New Research Aims to Help Primary Care Doctors Manage Kidney Disease

Dr. Chester Fox with his patient

Primary care physicians spend very little time discussing risk factors and preventative steps with patients at risk for kidney disease, and new research, to be presented this month at the National Kidney Foundation 2011 Spring Clinical Meetings, is trying to change that.

"Primary care physicians are our first line of defense against one of the world's top killers," said Lynda A. Szczech, MD, MSCE, President of the National Kidney Foundation. "More than 26 million Americans already have chronic kidney disease, and millions more are at risk and don't even know it. We don't want those at risk to join the 570,000 Americans with kidney failure — we need doctors to communicate with their patients about what they can do to protect their kidneys over the long term."

In one study, Dr. Kimberly Carter and her colleagues at the Vanderbilt University Medical Center found that only half of primary care doctors discussed chronic kidney disease, or CKD, with their diabetic patients, who are all at risk of developing CKD. And when it was discussed, half of doctors spoke about CKD for 33 seconds or less - an average of only 3% of the total visit time.

Many doctors ordered the appropriate lab tests, but didn't explain to patients what they were for, and that's a missed opportunity, she added.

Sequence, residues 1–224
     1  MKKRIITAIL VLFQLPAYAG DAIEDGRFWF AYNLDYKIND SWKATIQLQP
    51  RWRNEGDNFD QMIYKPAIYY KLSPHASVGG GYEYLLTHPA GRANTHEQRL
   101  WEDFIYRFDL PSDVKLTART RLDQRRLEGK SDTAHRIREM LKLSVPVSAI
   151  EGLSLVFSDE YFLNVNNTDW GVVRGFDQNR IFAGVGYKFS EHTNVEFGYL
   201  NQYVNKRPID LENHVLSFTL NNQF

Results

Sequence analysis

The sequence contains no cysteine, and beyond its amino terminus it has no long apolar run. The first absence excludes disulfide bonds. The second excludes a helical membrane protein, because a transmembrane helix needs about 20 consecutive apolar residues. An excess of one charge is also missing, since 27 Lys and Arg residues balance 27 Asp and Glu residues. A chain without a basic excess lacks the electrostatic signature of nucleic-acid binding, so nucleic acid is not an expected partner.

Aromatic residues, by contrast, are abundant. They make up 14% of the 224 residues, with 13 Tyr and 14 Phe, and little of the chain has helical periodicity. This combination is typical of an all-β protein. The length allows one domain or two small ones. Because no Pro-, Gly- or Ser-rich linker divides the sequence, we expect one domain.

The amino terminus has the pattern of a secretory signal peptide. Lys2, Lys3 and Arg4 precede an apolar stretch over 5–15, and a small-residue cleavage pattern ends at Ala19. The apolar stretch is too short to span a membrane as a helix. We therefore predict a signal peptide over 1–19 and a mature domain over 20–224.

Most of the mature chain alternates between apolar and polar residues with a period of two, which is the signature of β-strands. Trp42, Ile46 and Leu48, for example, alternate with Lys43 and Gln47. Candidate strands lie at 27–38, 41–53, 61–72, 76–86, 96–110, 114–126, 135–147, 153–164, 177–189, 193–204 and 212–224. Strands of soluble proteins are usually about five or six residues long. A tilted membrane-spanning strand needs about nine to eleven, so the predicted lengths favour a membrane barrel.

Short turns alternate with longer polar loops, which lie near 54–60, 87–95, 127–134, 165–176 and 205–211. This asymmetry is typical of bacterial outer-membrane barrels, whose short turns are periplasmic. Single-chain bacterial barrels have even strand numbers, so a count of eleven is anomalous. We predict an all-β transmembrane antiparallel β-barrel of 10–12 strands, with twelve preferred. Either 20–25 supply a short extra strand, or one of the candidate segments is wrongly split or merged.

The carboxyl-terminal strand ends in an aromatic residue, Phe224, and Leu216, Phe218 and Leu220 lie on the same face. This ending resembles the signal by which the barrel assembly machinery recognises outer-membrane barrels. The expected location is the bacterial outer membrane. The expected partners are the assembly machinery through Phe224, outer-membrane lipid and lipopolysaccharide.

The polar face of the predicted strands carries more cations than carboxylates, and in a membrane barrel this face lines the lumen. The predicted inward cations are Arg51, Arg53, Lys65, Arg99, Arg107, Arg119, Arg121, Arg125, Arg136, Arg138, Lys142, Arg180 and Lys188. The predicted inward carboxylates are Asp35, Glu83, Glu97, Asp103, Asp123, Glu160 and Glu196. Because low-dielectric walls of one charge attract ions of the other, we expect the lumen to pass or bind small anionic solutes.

"It's important to discuss tests and other procedures so patients can learn about what they can do to prevent kidney disease, and what they need to pay attention to when they go about their daily lives," said Dr. Carter. "There are many things patients can do - such as keeping their blood pressure under control, following a low-salt diet, and avoiding some medications that are toxic to the kidneys- and it's empowering for them to know that."

Another study, also being presented at the Clinical Meetings, is investigating ways to help primary care physicians tackle the growing problem of CKD. Dr. Chester Fox and his colleagues at the University of Buffalo Primary Care Research Institute are following 12 practices to determine how best to help physicians diagnose CKD and manage its complications.

In one group, doctors received software that extracted key points from a patient's electronic medical record, such as the need for a new laboratory test. Other groups received regular visits from a practice facilitator, who helped administrators and other members of a clinical practice streamline and improve record-keeping, for instance.

Preliminary results show that some practices really benefit from the initiatives, dramatically increasing the diagnosis of CKD and managing its risk factors and co-morbidities.

"CKD is highly prevalent in primary care offices, yet it's under-recognized," said Dr. Fox. "I want primary care doctors to know about CKD, to put patients on medications that can help them, to remove medications that can increase their risk and to recognize the signs of kidney failure."

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